Continuing patterns 1 : Flag & Pennant

A continuing pattern indicates that the prior trend will continue onward upon the pattern’s completion.

The Flag and pennant are two short-term continuation chart patterns that are formed when there is a sharp price movement followed by a generally sideways consolidation. The price then moves sharply either upwards or downwards but generally in the same direction as the move that started the trend. By using the term ‘Flag’ it doesn’t mean that the trend formation would look exactly like a flag. The basic characteristic of a flag pattern is that it will have two trend lines sloping generally in the opposite direction of the initial price movement The buy or sell signal is formed once the price breaks through the support or resistance level, with the trend continuing in the prior direction. This breakthrough should be backed by heavier volume to improve the signal of the chart pattern.


You may notice the following –

There are two trendlines drawn, both sloping downwards e in the opposite direction of the initial price movement. Through the trend lines you see certain price level beyond which the stock prices neither fall nor rise. These points are support and resistance levels in the flag pattern. Once the price breaks out of the resistance level, the stock prices continues to move in the initial direction ie upwards.


The pennant is slightly different from the flag pattern. Here the two trendlines converge towards each other and the direction of the pennant is not important as in the case of flag.


The attributes of the flag and pennant are similar and it can be summarized as follows:


It all starts from a prior trend. There should be evidence of a prior trend – either upwards or downwards. Such a price movement should be backed by heavy volume.Such moves may also contain gaps (we’ll discuss the theory of gaps later). Such a move usually halts or pauses temporarily causing sideways movement for sometime, resulting in a flag or pennant formation.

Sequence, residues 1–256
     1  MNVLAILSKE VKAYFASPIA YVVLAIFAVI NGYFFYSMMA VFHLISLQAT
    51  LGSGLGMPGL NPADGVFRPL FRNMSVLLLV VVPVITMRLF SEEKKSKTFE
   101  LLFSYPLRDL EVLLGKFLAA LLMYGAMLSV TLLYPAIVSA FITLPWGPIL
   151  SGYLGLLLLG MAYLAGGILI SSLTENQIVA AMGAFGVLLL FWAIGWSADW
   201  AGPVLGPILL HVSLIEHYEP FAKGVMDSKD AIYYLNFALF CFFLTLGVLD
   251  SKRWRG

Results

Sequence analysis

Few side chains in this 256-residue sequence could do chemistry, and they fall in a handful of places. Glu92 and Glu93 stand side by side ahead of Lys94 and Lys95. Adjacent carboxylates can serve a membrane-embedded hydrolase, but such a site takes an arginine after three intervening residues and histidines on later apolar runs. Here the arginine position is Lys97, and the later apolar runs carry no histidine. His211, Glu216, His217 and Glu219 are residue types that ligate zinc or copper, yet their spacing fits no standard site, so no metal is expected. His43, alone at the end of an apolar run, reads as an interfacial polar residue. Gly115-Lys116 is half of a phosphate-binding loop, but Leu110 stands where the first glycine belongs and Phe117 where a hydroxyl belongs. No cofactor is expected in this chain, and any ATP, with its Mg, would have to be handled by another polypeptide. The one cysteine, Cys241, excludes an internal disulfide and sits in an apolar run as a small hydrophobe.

The sideways movement (flag/pennant) can last from 1 to 12 weeks. There is some debate on the timeframe and some consider 8 weeks to be pushing the limits for a reliable pattern. Ideally, these patterns will form between 1 and 4 weeks. Once a flag becomes more than 12 weeks old, it would be classified as a rectangle. A pennant more than 12 weeks old would turn into a symmetrical triangle. The reliability of patterns that fall between 8 and 12 weeks is therefore debatable.


For a bullish flag or pennant, a break above resistance signals that the previous advance has resumed. For a bearish flag or pennant, a break below support signals that the previous decline has resumed.


Volume is the key. Volume should be heavy during the advance or decline that forms the flagpole. Heavy volume provides legitimacy for the sudden and sharp move that creates the flagpole. An expansion of volume on the resistance (support) break lends credibility to the validity of the formation and the likelihood of continuation.

We’ll take up triangles in our next article.

Bye for now..

have a nice day !!

You may like these posts:

  1. A study of chart patterns
  2. Importance of Volume in Technical Analysis
  3. Trendlines

3 Responses to “Continuing patterns 1 : Flag & Pennant”


September 21, 2011 at 4:53 pm

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